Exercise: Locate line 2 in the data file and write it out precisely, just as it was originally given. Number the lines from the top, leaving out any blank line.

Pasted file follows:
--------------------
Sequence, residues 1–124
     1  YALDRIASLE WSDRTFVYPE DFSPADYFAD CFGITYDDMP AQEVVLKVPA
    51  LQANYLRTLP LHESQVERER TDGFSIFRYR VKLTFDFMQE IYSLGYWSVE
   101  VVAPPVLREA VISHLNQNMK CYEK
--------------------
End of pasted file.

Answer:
     1  YALDRIASLE WSDRTFVYPE DFSPADYFAD CFGITYDDMP AQEVVLKVPA